- No immediate explanation for helicopter crash
- Ukraine closer to receiving Western tanks
- Zelenskiy to address World Economic Forum in Davos
- Moscow sees no sign of talks
BROVARY, Ukraine, Jan 18 (Reuters) – Ukraine’s interior minister was among at least 15 people killed on Wednesday morning when a helicopter crashed near a nursery outside Kyiv, Ukrainian officials said.
Officials said nine people on board the aircraft and six on the ground, including three children, were killed when the French-made Super Puma helicopter crashed in a residential area in the suburb of Brovary on the capital’s eastern outskirts. Earlier, officials had given an initial death toll of 18.
The regional governor said 29 other people were injured, including 15 children.
President Volodymyr Zelenskiy called the crash a terrible tragedy, saying the full casualty toll was still being determined and he had ordered an investigation.
“As of this minute, three children died. The pain is unspeakable,” he said in a statement.
At the scene, debris was scattered over a muddy playground and emergency workers milled about a fleet of ambulances.
In a courtyard lay several dead bodies wearing blue interior ministry uniforms and black boots, visible from under foil blankets draped over them. A large chunk of the aircraft had landed on a car, destroying it.
National police chief Ihor Klymenko confirmed that Interior Minister Denys Monastyrskyi was killed alongside his first deputy, Yevheniy Yenin, and other ministry officials flying in the helicopter operated by the state emergency service.
Ukrainian officials said it was not immediately clear what had caused the helicopter to crash. There was no immediate comment from Russia, which invaded Ukraine last February, and Ukrainian officials made no reference to any Russian attack in the area at the time.
“Unfortunately, the sky does not forgive mistakes, as pilots say, but it’s really too early to talk about the causes,” air force spokesperson Yuriy Ihnat said, adding it could take at least several weeks to investigate the disaster.
Monastyrskyi, 42, a lawyer and lawmaker appointed in 2021 to run the ministry with responsibilty for the police, was the most senior Ukrainian official to die since the war began.
Separately, Ukraine reported intense fighting overnight in the east of the country, where both sides have taken huge losses for little gain in intense trench warfare over the last two months.
Ukrainian forces repelled attacks in the eastern city of Bakhmut and the village of Klishchiivka just south of it, the Ukrainian military said. Russia has focused on Bakhmut in recent weeks, claiming last week to have taken the mining town of Soledar on its northern outskirts.
After significant Ukrainian gains in the second half of 2022, the frontlines have hardened over the last two months. Kyiv says it hopes new Western weapons would let it resume an offensive to recapture land, especially heavy tanks which would give its troops mobility and protection to push through Russian lines.
Western allies will be gathering on Friday at a U.S. air base in Germany to pledge more weapons for Ukraine. Attention is focused in particular on Germany, which has veto power over any decision to send its Leopard tanks, fielded by armies across Europe and widely seen as the most suitable for Ukraine.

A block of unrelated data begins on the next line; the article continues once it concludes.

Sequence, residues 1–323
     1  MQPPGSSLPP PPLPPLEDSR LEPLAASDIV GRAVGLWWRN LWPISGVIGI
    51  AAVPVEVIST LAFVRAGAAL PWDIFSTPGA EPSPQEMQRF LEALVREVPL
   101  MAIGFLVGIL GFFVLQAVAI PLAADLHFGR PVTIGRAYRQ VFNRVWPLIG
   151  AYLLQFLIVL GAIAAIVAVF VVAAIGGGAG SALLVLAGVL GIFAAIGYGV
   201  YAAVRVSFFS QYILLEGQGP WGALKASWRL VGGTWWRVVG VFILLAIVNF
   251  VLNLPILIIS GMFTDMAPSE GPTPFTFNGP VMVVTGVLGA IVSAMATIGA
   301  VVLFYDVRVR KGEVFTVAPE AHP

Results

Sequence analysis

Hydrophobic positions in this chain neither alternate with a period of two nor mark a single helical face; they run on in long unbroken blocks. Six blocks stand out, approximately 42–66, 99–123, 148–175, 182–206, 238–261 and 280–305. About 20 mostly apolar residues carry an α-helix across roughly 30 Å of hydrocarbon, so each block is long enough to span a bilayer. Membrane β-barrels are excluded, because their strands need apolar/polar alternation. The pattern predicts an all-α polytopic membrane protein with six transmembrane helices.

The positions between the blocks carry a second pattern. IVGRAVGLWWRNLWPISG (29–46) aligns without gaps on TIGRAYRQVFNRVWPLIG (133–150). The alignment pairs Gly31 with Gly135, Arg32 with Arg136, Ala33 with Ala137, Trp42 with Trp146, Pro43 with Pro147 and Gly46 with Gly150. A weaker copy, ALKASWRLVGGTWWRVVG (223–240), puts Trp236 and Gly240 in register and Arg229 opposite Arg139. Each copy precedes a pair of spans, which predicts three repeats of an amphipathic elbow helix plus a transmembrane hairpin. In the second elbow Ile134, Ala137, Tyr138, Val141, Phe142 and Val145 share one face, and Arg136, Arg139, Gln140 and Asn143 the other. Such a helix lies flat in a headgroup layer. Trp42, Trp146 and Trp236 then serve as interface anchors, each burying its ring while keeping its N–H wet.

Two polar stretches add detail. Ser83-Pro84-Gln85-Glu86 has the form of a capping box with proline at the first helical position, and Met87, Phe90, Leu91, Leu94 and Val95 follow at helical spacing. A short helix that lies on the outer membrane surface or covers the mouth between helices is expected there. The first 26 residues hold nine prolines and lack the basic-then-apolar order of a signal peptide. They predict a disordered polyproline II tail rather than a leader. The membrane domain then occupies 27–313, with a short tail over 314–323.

Berlin says a decision on the tanks will be the first item on the agenda of Boris Pistorius, named its new defence minister this week.
Britain, which broke the Western taboo on sending main battle tanks over the weekend by promising a squadron of its Challengers, has called on Germany to approve the Leopards. Poland and Finland have already said they would be ready to send Leopards if Berlin allows it.
Lithuania’s president, attending the World Economic Forum in Davos, Switzerland, said he was confident there would be a decision to send tanks.
“I’m confident because this is what I’m hearing here, talking with other leaders. There is momentum,” Gabrielius Landsbergis told Reuters in an interview.
Germany’s Chancellor Olaf Scholz was due to address the forum later on Wednesday, though his government is thought likely to be waiting until later in the week to unveil any decision on tanks. Ukraine’s Zelenskiy was also due to address Davos by video link.
Russian Foreign Minister Sergei Lavrov said on Wednesday Moscow saw no prospects of peace talks and there could be no negotiations with Zelenskiy. Russia has said talks are possible only if Ukraine recognises Moscow’s claims to Ukrainian territory; Kyiv says it will fight until Russia withdraws from all of Ukraine.
In his remarks, Lavrov compared the West’s approach to Russia to Hitler’s “final solution”, the Holocaust plot to murder all European Jews. Lavrov was criticised by Israel last year for saying Hitler was part Jewish and the worst anti-Semites were Jews, after being asked why Moscow portrays Zelenskiy, who has a Jewish background, as a Nazi.
In the central Ukrainian city of Dnipro, the civilian death toll from a missile that struck an apartment block on Saturday rose to 45, including six children, among them an 11-month-old boy, Zelenskiy said in his nightly video address.
Ukrainian authorities called off the search for survivors on Tuesday. Around 20 other people are still missing in the rubble after the attack, the deadliest for civilians of a three-month Russian missile bombardment campaign against cities far from the front.
Moscow denies intentionally targetting civilians. It launched what it calls its special military operation in Ukraine last year saying Kyiv’s ties with the West posed a security threat.
Tens of thousands of people have been killed and millions forced to flee homes in what Kyiv and the West call an unprovoked invasion to subdue Ukraine and seize its land.
Writing by Peter Graff; Editing by Angus MacSwan
Our Standards: The Thomson Reuters Trust Principles.